The Geometry of Gothic Stained Glass

Gothic ArchWhile preparing for the new series of stained glass courses I got to thinking about the design work that went into Gothic cathedral tracery. These stone pillars support and divide the leaded lights and so wonderfully illuminate, both physically and metaphorically, these old buildings.

Medieval stained glass

Looking over photographs of Chartres and York Minster cathedrals my mind wandered back to my mathematics and technical drawing classes at school. After all, much of the beauty in these old windows owes itself to the mathematical principles of the golden mean and the sacred geometry.

GothicWindowWhether you believe in Divine design or not, there is much satisfaction, to be gained in observing how the craftsmen of old put these windows together. Look at any Gothic stained glass window and you will see an array of equilateral triangles, circles and squares all delicately put together to form perfect symmetry.

 

Window geometry

 

neal-winfield-gothic arch

These simple shapes are flipped, rotated and reversed in a complicated format to produce the awe inspiring lights we see in churches across the globe. It is fascinating how with nothing more than a compass and straight edge you can copy these designs and create your own Gothic, Norman or Tudor arches.

GothicTracery

Strike an arc, join the intersecting points and you’ve got an arch Rotate a circle three or four times and you have perfect trefoils and cinquefoils. The repetition of of our most earliest geometric exercises at school allow us to accurately replicate the stained glass windows of the Medieval artisans.

Next time you find yourself beneath a perfectly constructed rose window, have a look at the way the shapes were constructed. A marvelous combination of straightforward geometrical shapes, creatively assembled.

If you would be interested in finding out more about stained glass courses in Italy please email me at:  travellingcontent@gmail.com

 

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Painting the Sign

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I’ve always loved calligraphy, lettering and sign writing, so this project gave me a chance to get back to some of the things I love drawing. Namely letters and the Italian countryside.DSCN7240

Sign design

The sign is for an agriturismo, B&B, just outside of Pierantonio, Umbria and was to be completed on an old, but well preserved, wooden, window shutter. I decided to use the inside face and make a feature out of the old barrel hinges that were still intact.
Once the wood had been prepared, I set about designing the image. The only other prevision was the inclusion of the establishment’s name, “Villa Santa Caterina”.

Google Earth exploration

Although I’d never visited the site before I know the location well and easily found it on Google Earth, a great tool for exploring areas. You can really have a good nose around places and get the feel of the landscape. Obviously it’s not as good as a visit but as I’d driven the approach road often enough I knew the layout.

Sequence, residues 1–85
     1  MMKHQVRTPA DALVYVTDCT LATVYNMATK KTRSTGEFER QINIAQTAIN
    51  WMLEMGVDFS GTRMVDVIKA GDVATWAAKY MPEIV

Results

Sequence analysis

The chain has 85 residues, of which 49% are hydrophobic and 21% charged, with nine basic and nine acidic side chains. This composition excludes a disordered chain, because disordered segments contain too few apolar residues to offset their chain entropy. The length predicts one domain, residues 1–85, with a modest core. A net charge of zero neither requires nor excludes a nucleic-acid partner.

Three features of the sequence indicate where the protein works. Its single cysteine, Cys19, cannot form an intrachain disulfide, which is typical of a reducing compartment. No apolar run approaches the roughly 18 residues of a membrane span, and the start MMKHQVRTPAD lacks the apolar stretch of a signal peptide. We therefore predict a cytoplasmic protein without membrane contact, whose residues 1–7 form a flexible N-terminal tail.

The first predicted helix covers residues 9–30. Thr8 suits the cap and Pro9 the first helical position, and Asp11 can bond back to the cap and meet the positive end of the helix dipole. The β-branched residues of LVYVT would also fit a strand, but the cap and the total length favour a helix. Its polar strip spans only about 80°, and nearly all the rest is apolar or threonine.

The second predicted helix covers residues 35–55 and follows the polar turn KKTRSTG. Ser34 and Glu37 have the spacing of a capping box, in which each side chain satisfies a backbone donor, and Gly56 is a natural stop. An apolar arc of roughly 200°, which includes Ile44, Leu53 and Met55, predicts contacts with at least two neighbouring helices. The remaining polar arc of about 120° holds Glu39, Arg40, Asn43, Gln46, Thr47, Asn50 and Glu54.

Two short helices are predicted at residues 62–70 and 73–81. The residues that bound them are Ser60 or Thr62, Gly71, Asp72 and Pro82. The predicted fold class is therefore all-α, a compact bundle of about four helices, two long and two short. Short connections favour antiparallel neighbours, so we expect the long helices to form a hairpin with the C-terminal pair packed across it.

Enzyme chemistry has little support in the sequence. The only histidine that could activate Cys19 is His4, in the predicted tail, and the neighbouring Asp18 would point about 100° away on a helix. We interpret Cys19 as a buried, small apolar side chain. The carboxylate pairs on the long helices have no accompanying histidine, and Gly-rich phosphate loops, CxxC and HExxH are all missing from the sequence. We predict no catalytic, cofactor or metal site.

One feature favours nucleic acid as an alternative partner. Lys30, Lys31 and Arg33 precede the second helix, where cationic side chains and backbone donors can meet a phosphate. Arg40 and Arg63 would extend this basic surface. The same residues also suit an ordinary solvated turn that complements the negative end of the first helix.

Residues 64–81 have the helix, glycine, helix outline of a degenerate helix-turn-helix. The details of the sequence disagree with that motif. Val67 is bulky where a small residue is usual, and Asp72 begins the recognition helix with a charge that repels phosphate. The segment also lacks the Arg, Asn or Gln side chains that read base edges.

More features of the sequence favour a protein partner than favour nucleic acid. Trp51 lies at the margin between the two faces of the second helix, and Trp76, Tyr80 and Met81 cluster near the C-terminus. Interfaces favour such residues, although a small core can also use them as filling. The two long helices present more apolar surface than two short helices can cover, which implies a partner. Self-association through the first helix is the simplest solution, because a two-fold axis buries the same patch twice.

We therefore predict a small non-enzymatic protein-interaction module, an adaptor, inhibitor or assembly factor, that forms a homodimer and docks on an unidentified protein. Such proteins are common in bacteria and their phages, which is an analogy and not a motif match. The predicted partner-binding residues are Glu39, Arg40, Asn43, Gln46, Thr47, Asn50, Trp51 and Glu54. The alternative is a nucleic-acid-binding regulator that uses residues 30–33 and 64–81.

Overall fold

SantaCatViewThe idea for this image was straightforward. As you drive down the SP169, there’s a wide valley, a gentle curve and a distinctive manor house. This is where you turn off and if you look up into the hills on your right you can make out the Cyprus trees that ring Villa Santa Caterina above you.

Acrylic painting

VillaHouse2The painting would hang outside so I opted to use acrylic paint and this, along with a dozen or so coats of varnish should protect it from the elements. As the lettering was to be the main event, and not the image behind, the other major decision I had to make was to paint a subtle landscape. This meant lashings of titanium white to give the hills and trees a pale look but leaving the buildings with enough emphasis so that they stand out. The whole effect is finished off with a bright red border.
Green trees, terracotta buildings and splashes of red in the roofs, that’s the Umbrian landscape.
Drop me a line if you think your tea room in Wales, antique shop in Portland or haberdashery in Coober Pedy would suit one. I’ll happily sort something out for you.

 

Stained Glass Course in Italy

How would you like to spend a wonderful week in the beautiful Umbrian hills, south of Lake Trasimeno learning the ancient art of stained glass production?

DSCN7188Well! In August, 2018, I’ll be running an introductory stained glass course at the lovely Arte Umbria venue. This will be a great opportunity for you to visit Italy, experience its unique atmosphere and learn a new skill.

Beginners stained glass course

The course is aimed at beginners and will give you a taste of the 1,000 year old practice that has left us with some of the world’s most colourful and distinct artworks. By the end of the week, you will be able to design patterns for glass, cut glass and lead and solder a panel together.

DSCN7199You will have all the necessary equipment and materials supplied and there is a kit with the most essential tools to take home so that you can practice on your return.

There will also be a series of informative talks about the history of leaded lights, style and design, and a fascinating guided trip to the nearby Piegaro Glass Museum where, for centuries, they manufactured handmade, Chianti wine bottles.

Accommodation and food

Arte Umbria is set in 225 acres of verdant, hilly countryside, teeming with wild flowers, woodlands and all manner of animals. The landscape, as far as the eye can see, is studded with hill top towns, old castles and Medieval watchtowers. IMG_20170616_0001

The course is full board and along with the well appointed rooms, in a traditional Umbrian style, with a swimming pool, library and peaceful walks around the grounds to be enjoyed. There is a daily feast prepared by the on-site chef with ingredients grown or bought locally, giving you a real taste of Italy, there’s also plenty of wine from around the area.

For full details, dates and prices, or check out Arte Umbria‘s site for more information on the venue. Hope to see you in the summer.  Neal 🙂

 

 

 

Paintings at Artisti al Monte